The words “already lost season” have been used in speaking peripherally about Wright’s concussion, his post-concussion symptoms, the review of his road to recovery as seen by Atlanta outfielder Ryan Church, his roster replacement Andy Green (did we really, REALLY need another Green?), and the staggering company Wright’s now keeping on the DL.

The Mets are not yet mathematically eliminated from playoff contention.  But in the interest of sharing another article and testing my luck, I’ll grant the premise.  The Mets are done; 2010, here we come.

I just read something from the same newspaper that has not seen comment yet from baseball players, unless Fernando Martinez has chimed in and I’ve not heard it.  This, then, bearing the title “Novelties,” about a neat artificial plug that can help repair bone and cartilage by providing a scaffold around which new natural tissue can grow.

Again, I’ve not heard Met reaction regarding this advancement in medicine, though I’m sure the folks in the front office are getting right to it, Steven Matz and his impending signing be damned. 

But if it’s just about me bringing it up and a Met getting injured in such a way as the new tech will or would have helped, well, the clock is ticking.  I mentioned the helmet on Wednesday and Wright was beaned on Saturday.  So if today is Monday, we should be looking at a Met player blowing out his knee on… Thursday.  Johan Santana is slated to pitch against Kenshin Kawakami.

Let it NOT be Johan.  I can take being the Blogging Angel of Death, but that man’s suffered enough.

David Waldstein of The New York Times writes about the new Rawlings S100 batting helmet.

Article here.

Review and video on helmet here (buy it, too, if you want).

Ridiculousness in quote pulled, here:

“No, I am absolutely not wearing that,” Mets right fielder Jeff Francoeur said with a laugh after seeing a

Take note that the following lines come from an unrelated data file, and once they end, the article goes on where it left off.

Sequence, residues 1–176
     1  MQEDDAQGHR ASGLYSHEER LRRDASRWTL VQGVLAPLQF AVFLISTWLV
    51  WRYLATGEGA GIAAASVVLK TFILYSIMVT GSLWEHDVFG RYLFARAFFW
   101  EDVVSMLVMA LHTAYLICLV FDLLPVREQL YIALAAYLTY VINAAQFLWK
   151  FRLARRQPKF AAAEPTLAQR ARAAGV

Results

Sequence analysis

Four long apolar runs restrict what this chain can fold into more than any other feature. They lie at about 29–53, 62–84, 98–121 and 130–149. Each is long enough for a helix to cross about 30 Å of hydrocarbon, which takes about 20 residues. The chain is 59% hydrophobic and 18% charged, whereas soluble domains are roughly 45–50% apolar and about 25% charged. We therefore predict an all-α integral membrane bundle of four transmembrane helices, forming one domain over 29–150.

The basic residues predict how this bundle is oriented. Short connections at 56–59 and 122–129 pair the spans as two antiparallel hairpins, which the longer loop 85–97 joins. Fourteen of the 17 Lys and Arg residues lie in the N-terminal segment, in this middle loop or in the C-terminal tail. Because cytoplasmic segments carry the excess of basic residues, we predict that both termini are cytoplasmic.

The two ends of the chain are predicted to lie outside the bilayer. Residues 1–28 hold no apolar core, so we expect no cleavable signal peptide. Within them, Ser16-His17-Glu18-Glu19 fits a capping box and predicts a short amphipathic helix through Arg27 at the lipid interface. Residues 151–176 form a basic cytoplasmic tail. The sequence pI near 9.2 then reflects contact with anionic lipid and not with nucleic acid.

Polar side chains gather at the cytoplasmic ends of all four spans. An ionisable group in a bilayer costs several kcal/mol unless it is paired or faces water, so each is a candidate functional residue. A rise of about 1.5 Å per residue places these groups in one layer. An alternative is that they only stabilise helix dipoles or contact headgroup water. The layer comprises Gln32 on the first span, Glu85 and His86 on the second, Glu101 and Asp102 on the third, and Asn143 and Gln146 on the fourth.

prototype, as if he were being asked to put a pumpkin on his head. “I
could care less what they say, I’m not wearing it. There’s got to be a
way to have a more protective helmet without all that padding. It’s
brutal. We’re going to look like a bunch of clowns out there.”

That’s settin’ an example for the kids, Chowdah.  Nice job.

Other nincompoops quoted include Nomar Garciaparra (who probably doesn’t have to worry about balls coming at his head for TOO much longer, anyway) and, to a lesser extent, Mark Texeira.  At least Texeira isn’t in print complaining about the style factor.

All slight insults aside, why are you balking at a piece of equipment that has the potential to save your life?  What sense does that make?  You make so much damned money.  Why not give yourself the best chance to live to enjoy it?

Frustrating.

The only one that came off sounding intelligent–who’s NOT home with a bad concussion–is David Wright:

“If it provides more protection, then I’m all for it,” said Mets third baseman David Wright, who last week dodged a Brad Thompson fastball traveling on a
frightening vector for his head. “I’m not worried about style or
looking good out there. I’m worried about keeping my melon protected.”

However, points off for using the word “melon.”

A roommate of mine (while The Wife’s in extended grad school mode, I keep the house stocked with rent-paying professionals) lived a good portion of his life in a part of West Virginia which is on the extreme fringes of commuting distance from D.C.  He is aware of the Nationals’ existence.

I work for an organization which has an office in the District of Columbia.  I also enjoy giant foam representations of our monument-worthy presidents.  I hear they’ve taken on Beatle-like significance: Washington is John; Lincoln Paul; Jefferson George.  Roosevelt is Ringo.

As the eighth inning began, we mused on the possibility of going down to see a game.

Me: My God. It’s deserted out there.
Roommate: Truth.
Me: I wonder how much tickets are.
Roommate: It’s a new ball park.  But I wonder if they’d care if you bought seats in the nosebleeds and moved down.
Me: I’d think they’d want to do that for safety’s sake.  Cut the security squad down, but keep everyone together.  It’s not safe to wander the upper deck of Nationals Park alone at night.

There, but for the grace of God, go the New York Mets.

No sooner did our conversation devolve into serious derision of the Nationals and their plight did Nick Johnson drop a single into left, bringing the tying run to the plate in the form of Adam Dunn.  Shut me up but quick.